They highlight Robbie Lawler’s recent world title win, a first for ATT after a handful of missed opportunities. Unfortunately, we soon go from highlighting ATT to slinging mud at the Blackzilians. Dan says that Glenn is simply a student who had enough money to buy his way into martial arts relevancy. He accuses Glenn of bringing in big name fighters to comprise his camp as opposed to developing his own.
Glenn’s side of the story is that Dan became upset with him after he became professionally involved with other fellow ATT members Jorge Santiago, JZ Cavalcante, and the Villefort brothers. This resulted in Glenn being banned from ATT. Jorge, JZ, and the Villeforts would follow him to his new enterprise, soon joined by Rashad Evans and Anthony Johnson.
For those of you keeping score at home, by my unofficial count (only fighters who have already made at least one appearance) ATT has 33 fighters currently signed to the UFC, while the Blackzilians have 12.
It’s cool that they show us some of the ATT roster selection process. I’ll take that over elimination fights any day. Heck, even if they don’t do camp wars every year, I’d love to see how those responsible for casting select the people for the show. Anyone who has watched DVD extras of any previous TUF season knows that the unseen auditions and table discussions are highly entertaining.
Here is a quick and dirty reference guide for the ATT team:
- Marcelo “Grilo” Alfaya (16-7 [1 NC])
- Crazy man
- Hayder Hassan (6-1)
- Knockout artist
- In his last two fights, he knocked out a pair of Blackzilians (Jason Jackson and Felipe Portela)
- Nathan Coy (14-5)
- The captain
- Has fought for both Bellator and Strikeforce
- “Creepy” Steve Montgomery (8-2)
- 6’4”, Southpaw
- Michael Graves (4-0)
- Fast paced
- Sabah Homasi (8-4)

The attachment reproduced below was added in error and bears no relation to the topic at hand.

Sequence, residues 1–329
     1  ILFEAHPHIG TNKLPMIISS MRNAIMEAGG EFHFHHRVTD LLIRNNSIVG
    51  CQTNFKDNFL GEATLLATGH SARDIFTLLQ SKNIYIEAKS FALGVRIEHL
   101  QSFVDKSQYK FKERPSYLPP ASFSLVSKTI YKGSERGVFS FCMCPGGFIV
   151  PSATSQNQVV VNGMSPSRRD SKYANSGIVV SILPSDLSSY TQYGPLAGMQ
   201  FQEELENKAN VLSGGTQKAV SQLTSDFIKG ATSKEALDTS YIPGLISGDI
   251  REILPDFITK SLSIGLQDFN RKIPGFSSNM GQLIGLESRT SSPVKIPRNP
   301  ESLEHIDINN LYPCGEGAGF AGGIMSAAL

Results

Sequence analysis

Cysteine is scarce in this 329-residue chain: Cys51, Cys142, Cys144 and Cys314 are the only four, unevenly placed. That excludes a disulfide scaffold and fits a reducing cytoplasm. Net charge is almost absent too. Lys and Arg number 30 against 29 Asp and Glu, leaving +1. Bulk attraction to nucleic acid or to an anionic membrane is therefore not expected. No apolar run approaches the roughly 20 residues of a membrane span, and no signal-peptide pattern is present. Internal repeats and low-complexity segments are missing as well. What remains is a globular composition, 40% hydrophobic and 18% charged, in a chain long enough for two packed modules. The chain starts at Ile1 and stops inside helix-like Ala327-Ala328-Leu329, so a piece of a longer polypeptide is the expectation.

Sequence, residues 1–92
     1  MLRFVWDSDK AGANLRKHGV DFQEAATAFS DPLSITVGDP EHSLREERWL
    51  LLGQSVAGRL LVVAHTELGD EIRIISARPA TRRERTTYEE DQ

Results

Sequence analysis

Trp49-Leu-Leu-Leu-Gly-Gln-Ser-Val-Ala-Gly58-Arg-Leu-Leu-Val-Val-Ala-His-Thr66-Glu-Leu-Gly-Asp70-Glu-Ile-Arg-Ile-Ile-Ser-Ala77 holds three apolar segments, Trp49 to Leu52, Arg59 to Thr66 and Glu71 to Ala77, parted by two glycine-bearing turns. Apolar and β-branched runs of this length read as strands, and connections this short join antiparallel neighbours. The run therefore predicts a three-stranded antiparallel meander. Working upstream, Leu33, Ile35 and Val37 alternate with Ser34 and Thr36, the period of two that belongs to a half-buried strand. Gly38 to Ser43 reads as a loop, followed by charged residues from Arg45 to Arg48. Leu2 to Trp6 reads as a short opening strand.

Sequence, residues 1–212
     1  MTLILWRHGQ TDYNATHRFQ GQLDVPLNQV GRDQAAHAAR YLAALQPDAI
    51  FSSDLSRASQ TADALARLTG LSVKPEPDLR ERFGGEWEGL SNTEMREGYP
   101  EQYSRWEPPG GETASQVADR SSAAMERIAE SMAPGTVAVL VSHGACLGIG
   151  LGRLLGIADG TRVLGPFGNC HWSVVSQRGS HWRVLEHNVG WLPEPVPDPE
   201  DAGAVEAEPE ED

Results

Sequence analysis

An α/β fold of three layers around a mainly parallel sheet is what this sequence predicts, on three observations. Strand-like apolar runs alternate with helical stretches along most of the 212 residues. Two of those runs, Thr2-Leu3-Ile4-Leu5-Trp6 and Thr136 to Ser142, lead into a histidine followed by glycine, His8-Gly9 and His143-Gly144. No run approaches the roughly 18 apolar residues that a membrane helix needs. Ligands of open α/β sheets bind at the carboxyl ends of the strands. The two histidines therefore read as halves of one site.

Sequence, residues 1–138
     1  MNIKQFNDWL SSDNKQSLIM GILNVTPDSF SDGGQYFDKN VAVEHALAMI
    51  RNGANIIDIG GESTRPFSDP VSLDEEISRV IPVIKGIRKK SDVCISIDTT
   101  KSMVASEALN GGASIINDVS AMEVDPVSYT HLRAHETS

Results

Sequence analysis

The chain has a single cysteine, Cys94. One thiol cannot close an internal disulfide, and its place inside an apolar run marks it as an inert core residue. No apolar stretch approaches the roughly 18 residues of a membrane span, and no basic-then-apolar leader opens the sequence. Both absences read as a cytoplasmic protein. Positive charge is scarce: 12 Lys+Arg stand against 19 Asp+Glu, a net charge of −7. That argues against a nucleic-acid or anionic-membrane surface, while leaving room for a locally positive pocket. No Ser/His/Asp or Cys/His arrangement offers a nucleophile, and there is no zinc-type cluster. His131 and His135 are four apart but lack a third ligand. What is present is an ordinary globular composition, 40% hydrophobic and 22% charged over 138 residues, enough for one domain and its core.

- Uros Jurisic (4-0)
- 22 years old
- Wild card
- Steve Carl (21-4)
- Former WSOF welterweight champion
Hayder likens ATT to playing for the New York Yankees. He gets a lot of play in this episode and based on his past experiences with the Blackzilians, expect him to be a prominent character this season.
On the Blackzilian side:
- Jason Jackson (4-2)
- Top cardio
- Luiz “Buscape” Firmino (18-6)
- WSOF and PRIDE veteran
- His last three wins were against Luis Palomino, Jacob Volkmann, and Tyson Griffin
- Natural 155er
- Kamaru Usman (5-1)
- Olympic alternate wrestler
- Andrews Nakahara (4-2-2)
- Karate world champion
- Carrington Banks (3-0)
- Unproven athlete
- Hasn’t fought in two years
- Heck of a dancer
- Vicente Luque (7-4-1)
- Most improved
- Ground game
- Felipe Portela (8-2)
- Sick mustache
- Originally an alternate
- Valdir “BBMonstro” Araujo (14-5)
- Ground game and power
The South Beach mansion somehow looks even more opulent and unnecessary than the Las Vegas location. When I’d heard that the show would focus on actual teams this year, I had hoped they would move away from the reality show house format. I love the team concept, I love the points system, I HATE that the fighters still have to live in the same house. How does that make any sense? This went from fresh to disturbingly familiar real quick.
Creepy Steve: The initial reaction was a little bit of awkwardness. Tension. Competitiveness. You could tell everyone was semi-sizing each other up, but at the same time not necessarily trying to be seen sizing the other up.